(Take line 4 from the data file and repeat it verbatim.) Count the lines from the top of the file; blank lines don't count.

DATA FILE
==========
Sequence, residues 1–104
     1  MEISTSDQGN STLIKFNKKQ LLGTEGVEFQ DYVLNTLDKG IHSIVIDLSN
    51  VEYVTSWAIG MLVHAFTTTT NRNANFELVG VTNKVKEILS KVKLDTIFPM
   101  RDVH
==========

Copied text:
   101  RDVH